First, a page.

January 05, 2004

ABSOLUTE FAILURE

Greenpeace bore Anne Summers defends John le Carre against the neo-con and right-wing cabals that would savage him:

Hell hath no fury like a conservative scorned. Or so it would seem from the savagery with which the neo-con and right-wing cabals have turned on John le Carre and his latest book, Absolute Friends.

Why are they bothering? It's a novel, after all. Can you imagine the left caring enough about Tom Clancy's latest to go to the barricades?

Yeah. Itís not as though the left would ever be distracted by anything so trivial. Like a plastic turkey, for example.

Last January [le Carre] published in The Times in London a no-holds-barred opinion piece entitled "The United States of America has gone mad".

And the flak Le Carre copped then is being repeated now because his latest book, published in early December, takes up these themes with even greater gusto.

"There's a new Grand Design about in case you haven't noticed," he has one of his characters say. "It's called pre-emptive naivety, and it rests on the assumption that everyone in the world would like to live in Dayton, Ohio, under one god, no prizes for guessing whose god that is."

That is plain awful writing. Nobody speaks like that. Nobody even writes like that, outside of paranoid lefty chatrooms. Naturally, Summers loves it:

Le Carre is a compelling story-teller. It has been said his plots have the intricate precision of marquetry. His principal characters are equally complicated, usually imbued more with self-doubt than ideological fervour. He is always a great read but this one has something else, a white-hot anger fuelled by his absolute comprehension of the evil that is being done to humankind in the name of politics, religion and profit.

Why is Summers bothering to tell us this? It's a novel, after all.

Posted by Tim Blair at January 5, 2004 12:43 AM
Comments

I used to love LeCarre's Cold War novels but he's been going downhill since the Berlin Wall fell and George Smiley retired. I barely made it through The Tailor of Panama and haven't read one of his books since. He seems lost without the deadly gamesmanship between East and West that he understood so well and hasn't been able to replace it with something that is relevant to today's world. It's sad to see that he's gone from the brilliant subtleties and ambiguities of George Smiley to a novel that is little more than a soapbox for his leftist, anti-American, anti-war beliefs.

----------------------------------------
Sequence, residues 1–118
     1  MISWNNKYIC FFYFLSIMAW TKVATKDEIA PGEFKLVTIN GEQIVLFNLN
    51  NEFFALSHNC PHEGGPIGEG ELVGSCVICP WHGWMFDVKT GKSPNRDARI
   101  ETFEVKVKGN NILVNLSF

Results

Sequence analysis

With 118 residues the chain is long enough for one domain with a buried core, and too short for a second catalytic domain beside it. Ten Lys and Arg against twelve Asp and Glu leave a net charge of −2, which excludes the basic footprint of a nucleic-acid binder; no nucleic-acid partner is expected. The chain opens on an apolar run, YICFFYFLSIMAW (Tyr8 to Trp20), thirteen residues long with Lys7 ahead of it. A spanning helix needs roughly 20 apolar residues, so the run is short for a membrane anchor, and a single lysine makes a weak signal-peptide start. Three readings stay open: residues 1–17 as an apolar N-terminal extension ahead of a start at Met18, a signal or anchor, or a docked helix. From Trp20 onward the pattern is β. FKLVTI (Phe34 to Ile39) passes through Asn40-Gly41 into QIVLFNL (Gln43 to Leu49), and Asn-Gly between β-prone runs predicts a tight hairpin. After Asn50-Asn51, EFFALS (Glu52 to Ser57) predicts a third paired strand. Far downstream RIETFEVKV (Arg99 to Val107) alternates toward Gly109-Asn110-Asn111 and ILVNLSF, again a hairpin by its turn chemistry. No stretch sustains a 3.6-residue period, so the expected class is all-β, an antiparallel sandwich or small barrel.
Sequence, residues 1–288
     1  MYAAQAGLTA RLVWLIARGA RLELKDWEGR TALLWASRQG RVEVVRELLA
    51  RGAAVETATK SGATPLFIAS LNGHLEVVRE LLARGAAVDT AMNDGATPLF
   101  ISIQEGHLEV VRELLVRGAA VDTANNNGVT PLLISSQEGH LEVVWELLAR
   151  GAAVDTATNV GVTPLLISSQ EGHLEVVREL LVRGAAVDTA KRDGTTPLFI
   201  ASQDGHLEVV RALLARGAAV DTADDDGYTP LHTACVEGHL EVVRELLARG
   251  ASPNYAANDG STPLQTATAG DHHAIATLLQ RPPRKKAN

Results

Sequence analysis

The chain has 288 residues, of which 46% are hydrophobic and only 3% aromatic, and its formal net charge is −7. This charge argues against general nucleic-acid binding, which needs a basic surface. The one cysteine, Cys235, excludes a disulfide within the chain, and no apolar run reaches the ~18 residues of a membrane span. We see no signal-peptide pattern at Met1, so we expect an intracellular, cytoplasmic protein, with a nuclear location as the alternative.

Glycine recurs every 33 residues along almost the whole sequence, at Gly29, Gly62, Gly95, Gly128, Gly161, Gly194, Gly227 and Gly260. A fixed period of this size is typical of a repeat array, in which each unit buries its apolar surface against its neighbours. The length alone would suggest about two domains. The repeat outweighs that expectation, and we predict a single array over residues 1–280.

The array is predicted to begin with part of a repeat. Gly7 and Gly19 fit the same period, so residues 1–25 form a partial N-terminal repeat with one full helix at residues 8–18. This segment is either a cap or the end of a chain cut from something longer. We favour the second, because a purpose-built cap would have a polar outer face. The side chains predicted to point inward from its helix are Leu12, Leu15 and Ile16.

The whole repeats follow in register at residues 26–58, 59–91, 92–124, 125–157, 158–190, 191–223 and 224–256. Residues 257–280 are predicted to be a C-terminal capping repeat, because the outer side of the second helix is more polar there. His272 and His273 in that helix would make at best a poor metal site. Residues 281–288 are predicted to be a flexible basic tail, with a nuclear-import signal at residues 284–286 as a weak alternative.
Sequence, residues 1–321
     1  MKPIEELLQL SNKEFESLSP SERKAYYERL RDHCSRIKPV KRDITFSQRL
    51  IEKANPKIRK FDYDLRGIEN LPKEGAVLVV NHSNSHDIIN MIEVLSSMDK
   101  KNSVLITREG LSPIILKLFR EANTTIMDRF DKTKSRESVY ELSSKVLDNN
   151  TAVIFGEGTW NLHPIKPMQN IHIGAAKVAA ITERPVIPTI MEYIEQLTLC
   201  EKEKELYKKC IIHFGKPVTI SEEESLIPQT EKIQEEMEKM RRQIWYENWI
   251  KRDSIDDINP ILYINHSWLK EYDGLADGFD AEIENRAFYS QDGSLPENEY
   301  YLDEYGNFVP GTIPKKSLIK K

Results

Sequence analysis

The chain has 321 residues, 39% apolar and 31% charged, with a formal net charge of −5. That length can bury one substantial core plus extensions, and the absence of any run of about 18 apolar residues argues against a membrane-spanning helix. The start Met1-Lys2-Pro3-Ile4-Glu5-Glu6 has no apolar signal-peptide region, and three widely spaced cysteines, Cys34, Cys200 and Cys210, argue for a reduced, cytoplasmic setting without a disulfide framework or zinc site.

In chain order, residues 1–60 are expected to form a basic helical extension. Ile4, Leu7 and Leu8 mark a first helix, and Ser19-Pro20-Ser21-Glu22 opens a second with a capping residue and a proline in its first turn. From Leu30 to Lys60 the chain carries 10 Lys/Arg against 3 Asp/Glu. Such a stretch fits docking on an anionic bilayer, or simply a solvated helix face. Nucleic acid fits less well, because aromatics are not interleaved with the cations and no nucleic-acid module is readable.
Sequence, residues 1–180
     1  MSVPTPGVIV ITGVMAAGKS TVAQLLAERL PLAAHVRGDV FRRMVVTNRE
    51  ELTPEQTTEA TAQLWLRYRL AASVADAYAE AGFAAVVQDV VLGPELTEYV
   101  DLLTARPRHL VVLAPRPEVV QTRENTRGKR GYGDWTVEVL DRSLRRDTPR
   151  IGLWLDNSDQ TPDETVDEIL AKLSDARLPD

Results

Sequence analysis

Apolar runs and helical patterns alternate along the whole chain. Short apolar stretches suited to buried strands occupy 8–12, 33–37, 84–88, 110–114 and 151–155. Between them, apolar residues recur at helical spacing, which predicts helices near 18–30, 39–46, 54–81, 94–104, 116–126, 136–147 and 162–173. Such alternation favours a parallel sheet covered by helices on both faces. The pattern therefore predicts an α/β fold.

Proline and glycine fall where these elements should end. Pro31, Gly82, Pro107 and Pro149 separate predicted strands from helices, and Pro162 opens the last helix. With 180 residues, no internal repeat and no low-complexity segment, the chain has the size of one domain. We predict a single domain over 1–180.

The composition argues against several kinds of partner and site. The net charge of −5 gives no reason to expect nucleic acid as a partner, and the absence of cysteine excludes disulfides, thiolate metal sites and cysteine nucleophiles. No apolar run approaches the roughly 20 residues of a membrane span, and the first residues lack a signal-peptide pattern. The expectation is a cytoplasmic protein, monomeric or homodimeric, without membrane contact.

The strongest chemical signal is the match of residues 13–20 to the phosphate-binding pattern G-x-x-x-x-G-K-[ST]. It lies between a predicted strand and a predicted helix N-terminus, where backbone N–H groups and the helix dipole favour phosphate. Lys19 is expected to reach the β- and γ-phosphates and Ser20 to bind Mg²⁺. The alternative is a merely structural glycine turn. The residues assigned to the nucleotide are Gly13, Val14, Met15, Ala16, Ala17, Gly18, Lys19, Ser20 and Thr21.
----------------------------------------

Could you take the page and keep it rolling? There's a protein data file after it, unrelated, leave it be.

Posted by: Randal Robinson at January 5, 2004 at 01:20 AM

The Left are still finding ways to play with the plastic turkey - buzzflash.com Monday, January 5, 2004 'Blair Pops Up In Iraq. No Report On Whether or Not He Carried Around a Plastic Turkey. 1/4'

Posted by: Softly at January 5, 2004 at 01:22 AM


The idea that even many Americans would want to live in Dayton is perposterous. I'm sure Dayton is a fine town, but most Americans are happy to live where they are.

But tell Parisians that they are about to lose their area code because of expanding cell phones and the like and the government forces the telephone company to change the rest of the country's phones to 9 or 10 digit dialing, so the Parisians can stick with what they've got.

Now, please, tell me who is provincial?

Posted by: Andrew at January 5, 2004 at 01:52 AM

Funny that he should mention Dayton of all places. I expect at least some of the Serbs and Croats who were brought there from the middle of the Civil War did, in fact, see some things they liked about Dayton, like the fact that everybody was living a highly prosperous and contented life without being shot at. But I understand that that's the kind of thing a European sneers at, that's why none of them ever try to move here. After all, what would you expect the fat stupid Americans who live in such a place to be capable of intellectually, inventing the airplane or something?

Posted by: Mike G at January 5, 2004 at 02:07 AM